The West Coast of New Zealand’s South Island has a way of sneaking up on travelers and becoming one of their favorite destinations in the country. Just up the road from Queenstown, Fiordland, and Milford Sound, this country can make your head spin with how quickly the terrain changes and what lies nearby.

North from Queenstown, the road splits and the scenic Highway 6 heads toward the West Coast (Highway 1 is the other north­–south artery and runs parallel to the east coast). Highway 6 from Wanaka to Franz Josef is among New Zealand’s best drives, even though it isn’t jaw dropping in the same sense as the Milford Road, for example. Mostly it’s wild forests, mountains, and rivers that, although smaller in scope, evoke Alaska and the Canadian Rockies.

Haast Pass to the West Coast 

Makarora, the northern tip of Lake Wanaka, the road enters Mount Aspiring National Park (the country’s third biggest) and the Te Wahipounamu–South West New Zealand World Heritage Area. This expanse of mostly undisturbed terrain officially has been protected for over 50 years, offering beautiful driving and everything from easy walks to serious backcountry trips.

West Coast New Zealand - Blue Pools
The Blue Pools of Haast Pass | Credit: David Wilkinson

There are many sights along the road to Haast Pass, and approximately 8–9 km north of Makaroa are the Blue Pools, a must-see. In a testament to the natural purity of the area, the glacier-fed waters of the Makarora River are legendary for their azure color and clarity. Even in the deep pools it’s easy to see the bottom, and sizable rainbow and brown trout can be seen lurking through the currents.

The trail to the Blue Pools is just north of Muddy Creek, ironically, and is an easy 1½ km round trip through silver beech forest to the river. A number of other short walks are easily accessible from Highway 6, including Fantail Falls and Thunder Creek Falls, as well as three DOC campgrounds. Adventure seekers should consider the Gillespie Pass Circuit (3–4 days; 58km), which traverses upward from the Makarora River into the Southern Alps for spectacular vistas of Mount Aspiring National Park.

After Haast Pass (563m), the road continues through the sleepy township of Haast to the South Island's rugged western coastline. The West Coast is known for its wildness, and perhaps most striking is the close proximity of sandy beaches to New Zealand's highest peaks—from various points it’s possible to see from the ocean up to Mt. Cook (3,754 meters; 12,316 feet). With the mammoth Fox and Franz Josef Glaciers included, it's an astounding setting.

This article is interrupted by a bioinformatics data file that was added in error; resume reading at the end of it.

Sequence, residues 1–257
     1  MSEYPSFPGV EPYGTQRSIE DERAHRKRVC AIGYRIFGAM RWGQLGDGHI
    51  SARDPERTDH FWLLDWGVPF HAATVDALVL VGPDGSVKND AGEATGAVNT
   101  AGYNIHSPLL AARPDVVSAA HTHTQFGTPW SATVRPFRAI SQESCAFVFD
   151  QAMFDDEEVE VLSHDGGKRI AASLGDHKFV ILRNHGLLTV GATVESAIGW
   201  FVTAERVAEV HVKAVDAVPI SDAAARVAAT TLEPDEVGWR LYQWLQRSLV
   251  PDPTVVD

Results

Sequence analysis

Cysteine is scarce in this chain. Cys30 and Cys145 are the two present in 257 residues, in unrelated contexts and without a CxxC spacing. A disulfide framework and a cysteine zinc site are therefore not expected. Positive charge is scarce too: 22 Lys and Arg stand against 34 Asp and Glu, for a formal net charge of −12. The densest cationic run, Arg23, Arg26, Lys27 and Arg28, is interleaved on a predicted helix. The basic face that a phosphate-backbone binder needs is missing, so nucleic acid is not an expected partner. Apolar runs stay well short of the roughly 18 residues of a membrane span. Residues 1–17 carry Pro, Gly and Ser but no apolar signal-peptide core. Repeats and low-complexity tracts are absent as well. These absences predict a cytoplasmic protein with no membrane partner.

New Zealand's "Glacier Country" – Fox and Franz Josef Glaciers

The stretch from Franz Josef to Fox Glacier affectionately has been nicknamed “Glacier Country,” made official by corresponding signage along the highway. Given that New Zealand has over 3,000 glaciers, the majority of which are located in the Southern Alps, you may wonder why Franz Josef and Fox Glaciers get all the attention:

  • They are among the biggest glaciers in New Zealand, and the most dramatic in form. Fox Glacier is over 13km long and Franz Josef is 12km long, snaking downward from the high mountains to only 300 meters above sea level (a drop of approximately 2,600 meters or 8,500 feet). The entirety of the glaciers is undeniably impressive.
  • They are among the most accessible big glaciers in the world, extending all the way down to temperate rainforest on the valley floor. The ends of the glaciers are surrounded by silver beech and extraordinarily close to the coastline, made possible by the large amount of snow that accumulates in the glaciers' névé (the upper part of a glacier where the snow turns into ice), and the steep and narrow valleys down which they flow.

Fox Glacier
The névé of Fox Glacier alongside Mt. Tasman (3,498 m) | Credit: David Wilkinson

Both glaciers have small townships in their names that serve as the base of operations for glacier activities. A number of glacier activities are available including scenic flights, guided glacier walks, heli-hiking, and do-it-yourself walks ranging from easy to highly challenging.

Up the West Coast

Highway 6 continues up the West Coast from Glacier Country, and although the driving is nice, thick vegetation and rough terrain limits access to the backcountry. The next major destination is the unique limestone cliffs of Paparoa National Park past Greymouth, and most visitors stick to the Punakaiki (or Pancake) Rocks on the coast. The adventurous and off the beaten path Inland Pack Track passes deep into the limestone valleys of Paparoa, including the option of sleeping under the legendary Ballroom Overhang. Numerous stream crossings are required and it’s best to stop by the DOC office in Punakaiki to inquire about the day-hiking and overnight options.  

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